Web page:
Notes on life lessons from a party school
One of the things I love about the end of summer and start of fall is that feeling of new beginnings: it conjures up freshly-sharped pencils and crisp, blank notebooks, a bright backpack and a brand-new pair of shoes. I always loved going back to school: I would spend hours deciding on the perfect first-day-of-school outfit and the perfect agenda, daydream about all of the exciting things that would surely happen that year.
It’s been 10 years since my first day of high school, five years since I graduated college and started my first “real job” the day after Labor Day. My career ladder has been more like a jungle gym, less linear and more full of zigs and zags than I ever could have anticipated. I moved schools often as a kid, and I think that ability to step into yet another brand-new classroom and completely believe I could make a friend is one of the reasons why I’m willing to take more risks now.
I graduated magna cum laude from California State University, Chico: I alternately describe it as a top Playboy party school or a quaint college town or one of the best journalism programs in the nation, depending on to whom I’m speaking. To be honest, it was a lot of bang for the buck: I had small classes, engaged professors, cheap rent and the quintessential “college experience” complete with keg parties and red cups, all delightfully subsidized by the taxpayers of California.
Chico alumni like to joke about our reputation as a party school, especially when intermingled with the fact that most of us have good jobs and good apartments: we’ve managed to graduate from this tiny, middle-of-nowhere town and make it in the big, bad world. In New York City alone, more than 10 of my closest friends graduated from Chico around the same time I did: several are killing it in the competitive PR/marketing world, one graduated from NYU law school, one is getting his PHD at NYU, one works at a record label. We joke that going to Chico doesn’t mean much, but if you graduate: it means you can socialize and still study, that you know how to balance work with parties.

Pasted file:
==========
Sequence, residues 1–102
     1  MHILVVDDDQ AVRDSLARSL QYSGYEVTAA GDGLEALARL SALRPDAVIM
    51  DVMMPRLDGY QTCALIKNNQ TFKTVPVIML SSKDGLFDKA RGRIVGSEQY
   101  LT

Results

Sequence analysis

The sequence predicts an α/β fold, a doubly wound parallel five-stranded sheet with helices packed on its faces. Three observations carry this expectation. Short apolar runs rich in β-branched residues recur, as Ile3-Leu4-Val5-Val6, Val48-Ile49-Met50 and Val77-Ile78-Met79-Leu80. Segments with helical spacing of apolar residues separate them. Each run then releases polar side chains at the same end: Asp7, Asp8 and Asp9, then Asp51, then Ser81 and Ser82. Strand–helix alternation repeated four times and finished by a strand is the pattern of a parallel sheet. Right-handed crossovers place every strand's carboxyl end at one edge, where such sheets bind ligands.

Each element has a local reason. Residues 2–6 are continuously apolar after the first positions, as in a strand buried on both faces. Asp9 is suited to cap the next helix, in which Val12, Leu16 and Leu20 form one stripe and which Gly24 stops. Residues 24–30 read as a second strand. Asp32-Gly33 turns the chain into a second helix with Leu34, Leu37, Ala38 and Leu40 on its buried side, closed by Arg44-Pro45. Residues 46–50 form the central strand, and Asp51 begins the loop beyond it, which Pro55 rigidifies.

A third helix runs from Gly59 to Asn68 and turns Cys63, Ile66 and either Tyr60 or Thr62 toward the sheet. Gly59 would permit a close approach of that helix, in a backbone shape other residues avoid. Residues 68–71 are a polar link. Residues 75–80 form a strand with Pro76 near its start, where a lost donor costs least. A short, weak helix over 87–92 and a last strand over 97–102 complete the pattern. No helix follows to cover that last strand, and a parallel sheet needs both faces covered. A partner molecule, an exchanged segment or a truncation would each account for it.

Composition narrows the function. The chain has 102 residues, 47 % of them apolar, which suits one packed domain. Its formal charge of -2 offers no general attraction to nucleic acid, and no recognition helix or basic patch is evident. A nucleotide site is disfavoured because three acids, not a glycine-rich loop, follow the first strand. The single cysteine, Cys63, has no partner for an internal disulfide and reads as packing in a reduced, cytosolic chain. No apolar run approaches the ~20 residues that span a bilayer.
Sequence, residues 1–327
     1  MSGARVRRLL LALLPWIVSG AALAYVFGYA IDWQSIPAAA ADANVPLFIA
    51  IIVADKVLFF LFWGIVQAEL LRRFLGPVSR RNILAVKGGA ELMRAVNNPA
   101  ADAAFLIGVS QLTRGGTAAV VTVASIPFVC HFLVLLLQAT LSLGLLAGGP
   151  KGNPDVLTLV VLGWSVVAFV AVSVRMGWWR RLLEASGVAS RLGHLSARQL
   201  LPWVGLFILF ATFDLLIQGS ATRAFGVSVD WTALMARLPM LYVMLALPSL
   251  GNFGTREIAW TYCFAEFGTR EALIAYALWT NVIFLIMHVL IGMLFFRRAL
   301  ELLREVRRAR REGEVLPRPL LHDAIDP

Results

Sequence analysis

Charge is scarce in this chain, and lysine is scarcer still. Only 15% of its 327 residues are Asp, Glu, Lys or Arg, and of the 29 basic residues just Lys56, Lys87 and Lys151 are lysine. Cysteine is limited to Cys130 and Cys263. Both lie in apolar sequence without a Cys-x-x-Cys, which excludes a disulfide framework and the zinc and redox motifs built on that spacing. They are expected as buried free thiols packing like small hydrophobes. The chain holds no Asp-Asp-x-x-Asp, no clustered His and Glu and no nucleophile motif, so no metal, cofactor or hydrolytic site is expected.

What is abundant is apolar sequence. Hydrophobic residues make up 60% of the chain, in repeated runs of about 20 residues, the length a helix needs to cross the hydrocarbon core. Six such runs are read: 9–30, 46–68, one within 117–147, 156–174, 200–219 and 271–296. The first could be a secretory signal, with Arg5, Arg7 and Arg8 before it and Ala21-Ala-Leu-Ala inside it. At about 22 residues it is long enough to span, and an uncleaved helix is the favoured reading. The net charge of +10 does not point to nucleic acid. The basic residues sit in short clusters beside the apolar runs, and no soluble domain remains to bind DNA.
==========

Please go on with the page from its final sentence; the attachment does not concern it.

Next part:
A lot of what I do in my day job is essentially relationship building. It’s about connecting with the right people, about creating a rapport, about figuring out a mutually-beneficial project. It’s why I drink so many lattes and go to so many happy hours. It’s why I believe in hand-written thank-you notes and picking up the phone to deliver big news, good or bad. Strong relationships–whether it’s a friend or a co-worker or a boyfriend–thrive on eye contact, laughter, shared experiences.
It’s easy to hide behind a computer, to rely on text messages and Twitter and double-tapping on Instagram. Great work is done on computers, wonderful writing is finished when you’re squirreled away from distractions. But if there’s one thing that Chico taught me, it’s that nothing is as good as a good party. Good parties encourage you to say hello to a stranger and throw you in a room with friends you haven’t seen in a while; they encourage you to laugh and talk and maybe take a risk. Even if you don’t remember the details, you remember that fuzzy happy way that you felt.
As Tom Petty so wisely said (and advice I’d wish I’d taken more: not once has a job asked for my college GPA to validate all of those hours spent in the library!): “I’ve learned one thing, and that’s to quit worrying about stupid things. You have four years to be irresponsible here, relax. Work is for people with jobs. You’ll never remember class time, but you’ll remember the time you wasted hanging out with your friends. So stay out late. Go out with your friends on a Tuesday when you have a paper due on Wednesday. Spend money you don’t have. Drink ’til sunrise. The work never ends, but college does…”
This back-to-school season is throwing all sorts of life changes at me, and I keep conjuring up that feeling I had as a kid on a first day of school: a little bit nervous and a little bit scared but also pretty stoked for a shiny new classroom and all of those potential best friends.
And I’m also remembering that as a Chico State grad, there’s an obligation to work hard and party hard, but also to put people first. That people might not remember what you said or did, but they’ll remember the way you made them feel–and that it’s truly not what you know, but who you know and how you make them feel. And it’s those lessons that make me pretty darn grateful I graduated from a party school.
What’s the best life lesson you learned in college?